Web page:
The Fujifilm Finepix 6800Z (‘Z’ standing for Zoom) was an important and memorable progression in digital camera history. Not because it pioneered any new technology – the notorious Super CCD had been used in previous Fuji cameras, and the interpolated output which made devices like the 6800Z so controversial had formerly been a gimmick of Agfa’s. No, the 6800Z was so important because it showed that Fuji’s high-risk approach to digicam development was working. The very fact that this flagship compact progressed the Super-CCD-plus-interpolation concept to Generation II and trumpeted the fact from the rooftops (rather than ditching the Super CCD for conventional technology in the face of industry criticism), meant Fuji’s unconventional ethos was making sense to the consumer. Fuji had stopped trying to out-run rivals on the megapixel treadmill, and had instead taken to getting ahead by custard-pieing the competition in the face. This camera was a custard pie of unprecedented magnitude.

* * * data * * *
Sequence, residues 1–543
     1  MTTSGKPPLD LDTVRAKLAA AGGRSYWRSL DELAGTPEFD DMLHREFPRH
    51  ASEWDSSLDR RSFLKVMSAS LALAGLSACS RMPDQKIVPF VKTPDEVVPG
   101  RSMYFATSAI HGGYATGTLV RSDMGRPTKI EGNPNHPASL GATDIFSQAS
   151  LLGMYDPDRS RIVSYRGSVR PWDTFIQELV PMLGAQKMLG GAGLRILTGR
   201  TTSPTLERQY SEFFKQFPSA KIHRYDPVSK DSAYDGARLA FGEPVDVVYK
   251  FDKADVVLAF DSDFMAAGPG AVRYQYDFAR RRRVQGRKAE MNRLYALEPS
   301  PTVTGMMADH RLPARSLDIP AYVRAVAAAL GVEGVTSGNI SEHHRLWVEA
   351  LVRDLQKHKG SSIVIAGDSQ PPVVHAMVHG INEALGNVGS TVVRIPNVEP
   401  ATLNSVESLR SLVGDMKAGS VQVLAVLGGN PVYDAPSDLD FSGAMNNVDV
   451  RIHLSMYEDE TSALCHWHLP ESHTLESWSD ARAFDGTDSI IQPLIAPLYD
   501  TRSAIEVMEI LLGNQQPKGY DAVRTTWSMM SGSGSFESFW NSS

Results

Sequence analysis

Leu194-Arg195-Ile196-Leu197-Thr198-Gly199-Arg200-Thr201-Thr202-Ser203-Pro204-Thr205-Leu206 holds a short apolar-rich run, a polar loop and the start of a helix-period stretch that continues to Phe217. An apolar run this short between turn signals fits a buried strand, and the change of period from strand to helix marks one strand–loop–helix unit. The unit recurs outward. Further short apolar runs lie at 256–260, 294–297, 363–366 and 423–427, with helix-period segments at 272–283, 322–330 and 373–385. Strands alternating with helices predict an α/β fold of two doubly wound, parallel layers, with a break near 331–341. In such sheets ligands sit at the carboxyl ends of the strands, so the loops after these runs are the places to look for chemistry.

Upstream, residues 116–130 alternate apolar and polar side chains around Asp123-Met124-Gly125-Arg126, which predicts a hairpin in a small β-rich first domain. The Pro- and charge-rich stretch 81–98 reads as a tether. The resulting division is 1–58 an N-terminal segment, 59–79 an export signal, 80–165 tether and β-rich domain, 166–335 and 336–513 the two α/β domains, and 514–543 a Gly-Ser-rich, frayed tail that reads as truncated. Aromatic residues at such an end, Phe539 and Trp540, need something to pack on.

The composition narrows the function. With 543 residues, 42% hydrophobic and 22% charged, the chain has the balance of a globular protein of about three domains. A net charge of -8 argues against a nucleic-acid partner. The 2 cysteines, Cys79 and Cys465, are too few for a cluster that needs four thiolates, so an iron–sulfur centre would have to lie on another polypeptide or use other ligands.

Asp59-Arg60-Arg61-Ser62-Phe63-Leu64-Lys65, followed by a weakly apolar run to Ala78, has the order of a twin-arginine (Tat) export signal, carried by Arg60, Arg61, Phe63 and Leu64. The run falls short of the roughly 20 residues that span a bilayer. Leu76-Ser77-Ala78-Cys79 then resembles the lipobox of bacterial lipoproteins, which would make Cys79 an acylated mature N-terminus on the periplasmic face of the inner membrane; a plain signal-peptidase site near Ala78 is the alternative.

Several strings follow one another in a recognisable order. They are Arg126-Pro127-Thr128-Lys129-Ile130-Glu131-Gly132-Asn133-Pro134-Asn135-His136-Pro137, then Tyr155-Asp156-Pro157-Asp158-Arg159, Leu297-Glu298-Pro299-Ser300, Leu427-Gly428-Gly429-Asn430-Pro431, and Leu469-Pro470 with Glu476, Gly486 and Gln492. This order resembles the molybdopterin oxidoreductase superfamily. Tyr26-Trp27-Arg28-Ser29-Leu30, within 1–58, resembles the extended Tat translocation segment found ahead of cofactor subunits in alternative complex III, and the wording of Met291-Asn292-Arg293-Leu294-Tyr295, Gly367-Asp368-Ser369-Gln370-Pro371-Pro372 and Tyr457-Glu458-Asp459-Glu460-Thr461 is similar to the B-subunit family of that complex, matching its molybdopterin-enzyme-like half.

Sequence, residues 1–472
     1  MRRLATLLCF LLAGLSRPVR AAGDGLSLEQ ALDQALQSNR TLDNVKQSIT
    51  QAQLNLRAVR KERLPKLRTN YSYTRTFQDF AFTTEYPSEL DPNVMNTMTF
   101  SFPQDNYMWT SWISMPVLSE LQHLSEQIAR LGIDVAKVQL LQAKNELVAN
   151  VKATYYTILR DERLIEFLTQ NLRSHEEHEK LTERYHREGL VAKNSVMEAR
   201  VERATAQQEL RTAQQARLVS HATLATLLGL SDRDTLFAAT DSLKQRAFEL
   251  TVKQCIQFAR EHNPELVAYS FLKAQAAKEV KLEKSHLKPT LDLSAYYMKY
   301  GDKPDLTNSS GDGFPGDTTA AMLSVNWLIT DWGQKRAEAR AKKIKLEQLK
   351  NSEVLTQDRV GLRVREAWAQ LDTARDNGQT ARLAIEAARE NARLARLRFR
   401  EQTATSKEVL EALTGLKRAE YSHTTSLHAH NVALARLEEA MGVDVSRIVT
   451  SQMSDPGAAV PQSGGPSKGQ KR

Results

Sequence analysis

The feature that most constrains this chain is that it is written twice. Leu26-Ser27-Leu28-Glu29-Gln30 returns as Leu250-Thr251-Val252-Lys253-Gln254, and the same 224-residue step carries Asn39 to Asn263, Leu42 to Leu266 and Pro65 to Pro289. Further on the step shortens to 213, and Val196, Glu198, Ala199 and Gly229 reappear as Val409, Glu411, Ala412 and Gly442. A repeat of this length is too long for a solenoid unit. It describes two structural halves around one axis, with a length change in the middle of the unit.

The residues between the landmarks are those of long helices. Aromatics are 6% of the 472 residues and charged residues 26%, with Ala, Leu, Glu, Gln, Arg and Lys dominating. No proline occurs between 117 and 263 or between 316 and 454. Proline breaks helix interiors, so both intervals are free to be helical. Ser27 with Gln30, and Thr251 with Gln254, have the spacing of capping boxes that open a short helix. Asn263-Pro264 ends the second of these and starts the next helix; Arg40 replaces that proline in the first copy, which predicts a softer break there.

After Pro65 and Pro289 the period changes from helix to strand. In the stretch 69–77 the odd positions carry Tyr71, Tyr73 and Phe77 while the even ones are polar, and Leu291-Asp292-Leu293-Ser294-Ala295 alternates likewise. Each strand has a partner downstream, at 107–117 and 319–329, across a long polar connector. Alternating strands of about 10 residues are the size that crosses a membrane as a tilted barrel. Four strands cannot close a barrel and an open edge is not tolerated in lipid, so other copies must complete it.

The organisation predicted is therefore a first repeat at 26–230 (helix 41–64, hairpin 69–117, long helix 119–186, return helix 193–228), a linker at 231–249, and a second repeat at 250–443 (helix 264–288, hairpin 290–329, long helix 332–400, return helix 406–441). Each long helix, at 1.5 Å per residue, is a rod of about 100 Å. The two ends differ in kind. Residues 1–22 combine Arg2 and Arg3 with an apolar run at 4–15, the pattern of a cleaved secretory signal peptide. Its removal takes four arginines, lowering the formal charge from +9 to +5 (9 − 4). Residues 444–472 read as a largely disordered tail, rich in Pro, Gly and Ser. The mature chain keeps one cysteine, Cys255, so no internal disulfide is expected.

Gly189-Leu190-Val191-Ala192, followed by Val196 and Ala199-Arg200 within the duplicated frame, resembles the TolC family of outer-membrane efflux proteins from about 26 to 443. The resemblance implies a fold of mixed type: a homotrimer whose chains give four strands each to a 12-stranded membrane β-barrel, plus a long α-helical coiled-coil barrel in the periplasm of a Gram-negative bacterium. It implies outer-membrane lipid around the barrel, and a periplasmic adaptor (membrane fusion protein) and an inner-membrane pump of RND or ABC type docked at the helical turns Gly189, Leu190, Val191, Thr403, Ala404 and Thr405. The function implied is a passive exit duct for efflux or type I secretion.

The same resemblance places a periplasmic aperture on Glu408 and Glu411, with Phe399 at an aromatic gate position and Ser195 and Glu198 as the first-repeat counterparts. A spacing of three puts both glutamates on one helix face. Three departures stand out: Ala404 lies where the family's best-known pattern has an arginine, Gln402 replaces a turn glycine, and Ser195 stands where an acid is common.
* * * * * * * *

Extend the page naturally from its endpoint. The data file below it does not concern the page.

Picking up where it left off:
The Fuji Finepix 6800Z (left) shown alongside the much later Canon G9 for size comparison. The Fuji's Porsche design certainly looks flash alongside the more utilitarian Canon.
Modern, stylish and compact, the highly desirable 6800Z offered an unrivalled 6 megapixel output at a time when leading compacts like the Canon Powershot G1 (£749), the Nikon Coolpix 995 (£799) and the Olympus 3040 (£749) were offering less than 3.5. Priced at £699.90, Fuji’s new king of compacts sported a brand new, drool-inducing, slick design by none other than motor world luminary FA Porsche. With its reassuring metal construction and its much-hyped Super CCD image sensor producing vibrant, impactive pictures, the 6800Z surely sent rival marketing departments straight into facepalm mode. On paper, there was no other deal like this in the world of digital consumer cameras. This device had the looks, the exclusivity, the credentials, and the talent.